Flashcards in Neuromuscular and ganglionic blockers Deck (58):
Ganglionic blockers block which reflexes? (2)
What are ganglionic blockers?
Nicotinic receptor antagonists
What is Trimethaphan used for?
Hypotension for surgery
What is Mecamylamine used for? (3)
Majority of vascular smooth muscle tone is what?
SANS more than PANS
Majority in rest of ANS is what system?
PANS more than SANS
What is Train of Four impulse?
Response of 4th twitch relative to first
What does Train of Four ratio of 0.25 mean?
75% of receptors blocked, but still near full muscle responses.
What ratio is needed before extubation?
Greater than 0.7
What ratio is classified as full clinical recovery?
At what point is the patient properly sedated?
When only 1-2 twitches are seen during a neuromuscular blockage
Sequence of muscle paralysis by curare/neuromuscular blocker OD?
Eye -> Speech -> Fingers -> Toes -> Limbs -> Intercostals -> Diaphragm
What disease is similar to curare paralysis?
Characteristics of Succinylcholine? (2)
Short duration 5-10 minutes
What metabolizes Succinylcholine?
What do you use Succinylcholine for? (3)
When do you want to avoid Succinylcholine?
Hyperkalemia, due to risk of cardiac arrest
How does the depolarizing neuromuscular blocker Succinylcholine work?
It is an agonist which means it bind and depolarizes which due to persistence makes the muscle fiber resistant to further stimulation by Ach.
How does the non-depolarizing (curare-like) neuromuscular blocker work?
It is a nicotinic acetylcholine receptor antagonist
Benefits of Pancuronium? (3)
Long duration (greater than 180 minutes)
What is neostigmine?
Reversible acetylcholinesterase inhibitor
Where is acetylcholinesterase located?
In the synapses
Where is Plasmacholinesterase located?
What is a carbamate?
Characterisitics of Carbamates? (4)
Quaternary or tertiary amine group
Temporary covalent modification to AChE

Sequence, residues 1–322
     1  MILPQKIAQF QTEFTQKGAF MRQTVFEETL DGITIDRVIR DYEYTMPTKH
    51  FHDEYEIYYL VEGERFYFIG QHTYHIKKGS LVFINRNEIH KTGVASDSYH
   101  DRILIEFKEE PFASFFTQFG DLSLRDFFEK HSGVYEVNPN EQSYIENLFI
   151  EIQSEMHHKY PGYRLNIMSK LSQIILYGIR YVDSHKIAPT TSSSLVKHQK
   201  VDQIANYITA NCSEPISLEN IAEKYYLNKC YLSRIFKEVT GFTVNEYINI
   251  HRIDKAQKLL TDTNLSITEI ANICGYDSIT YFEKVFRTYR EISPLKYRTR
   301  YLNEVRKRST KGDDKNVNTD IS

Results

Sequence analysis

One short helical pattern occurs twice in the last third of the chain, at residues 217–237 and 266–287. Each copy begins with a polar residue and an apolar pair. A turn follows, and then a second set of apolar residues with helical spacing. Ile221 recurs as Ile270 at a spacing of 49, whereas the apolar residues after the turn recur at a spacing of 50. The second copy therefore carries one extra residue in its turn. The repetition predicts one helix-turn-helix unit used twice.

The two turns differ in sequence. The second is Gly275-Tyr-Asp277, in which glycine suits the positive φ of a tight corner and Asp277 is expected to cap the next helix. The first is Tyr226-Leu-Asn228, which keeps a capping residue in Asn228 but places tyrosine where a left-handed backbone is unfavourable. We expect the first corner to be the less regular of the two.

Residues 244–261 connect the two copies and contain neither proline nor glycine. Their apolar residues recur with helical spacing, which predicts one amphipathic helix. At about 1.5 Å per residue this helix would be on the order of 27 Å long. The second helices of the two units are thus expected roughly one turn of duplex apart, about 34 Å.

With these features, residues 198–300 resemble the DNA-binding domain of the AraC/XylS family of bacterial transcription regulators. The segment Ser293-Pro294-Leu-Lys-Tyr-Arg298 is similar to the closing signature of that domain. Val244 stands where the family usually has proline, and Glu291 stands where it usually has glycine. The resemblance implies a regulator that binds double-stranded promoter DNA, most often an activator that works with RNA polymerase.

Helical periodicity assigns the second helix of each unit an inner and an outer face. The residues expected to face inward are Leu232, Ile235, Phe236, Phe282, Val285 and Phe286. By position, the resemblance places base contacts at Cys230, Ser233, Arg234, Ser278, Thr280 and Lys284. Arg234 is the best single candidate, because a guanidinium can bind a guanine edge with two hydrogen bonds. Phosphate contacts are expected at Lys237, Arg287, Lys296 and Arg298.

Dissociates in 0.5-0.8 hours
Main difference between physostigmine and neo/pyridostygmine?
Physostigmine enters CNS while Neo/Pyridostygmine is peripherally restricted
Pyrido word root means?
Orally available, so Pyrido can be taken orally for fewer side effects and longer duration
Organophosphates irreversible or reversible acetylcholinesterase inhibitors?
How long do Organophosphates last?
Longer than a week
What are organophosphates used to treat on occasion?
What else irreversibly binds to acetylcholinesterase? (2)
What is antidote for Acetylcholinesterase inhibitor poisoning?
Pralidoxime Chloride (2-PAM)
When is Pralidoxime Chloride antidote most effective?
Within a few hours of exposure
What do you give for symptoms of Acetylcholinesterase inhibitor poisoning?
Atropine due to fast acting nature
Effect of Pralidoxime Chloride on organophosphate?
Organophosphate bond to AchE is broken and Acetylcholinesterase is regenerated
Mnemonic for symptoms of Acetylcholinesterase inhibitor poisoning?
E: Excitation of skeletal muscle and CNS
Who is Acetylcholinesterase inhibitor poisoning most common in?
What quaternary ammonium alcohol is used for diagnosis of myasthenia gravis?
What happens in Myasthenia Gravis?
Antibodies block Nicotinic acetylcholine receptors at the postsynaptic neuromuscular junction
What does Myasthenia Gravis cause?
What does Edrophonium test differentiate between?
Myasthenia Gravis and Lambert Eaton
How does the Edrophonium differ between the two?
In MG exercise worsens muscle strength and Edro improves muscle strength while in Lambert Eaton exercise improves muscle strength while Edro has no effect on muscle strength
How do you treat MG?
Effect of Edrophonium between cholinergic crisis and myasthenia crisis?
In CC Edro has no effect, maybe small muscle decrease
In MG Edro improves muscle strength
When do you want to avoid the use of parasympathomimetic drugs? (5)
Obstruction of urinary or GI tract
Cholinergic centers in the CNS? (2)
Nucleus Basalis of Meynert/medial septal nuclei (basal forebrain)
Mesopontine tegmentum (brain stem)
Adrenergic centers in brain (1)?
What does Locus Coeruleus produce?
Alzheimer's disease is due to deficits in what?
Most common cause of dementia after age 50?
What brain changes are there in Alzheimer's?
Widening of sulk and thinning of gyri
What malfunction causes alzheimer's?
Improper processing of b-amyloid precursor protein (b-APP) leads to toxic form (b-A42) that promotes apoptosis
What pathologies will you see in Alzheimer's? (2)
What do you treat alzheimer's with?
What specific drugs can you give for Alzheimer's?
What is Donepezil?
Enhances cognitive ability
Doesn't slow disease
What is Rivastigmine?
carbamate ACHE inhibitor
Loses effectiveness as disease progresses
Replaced by Eptastigmine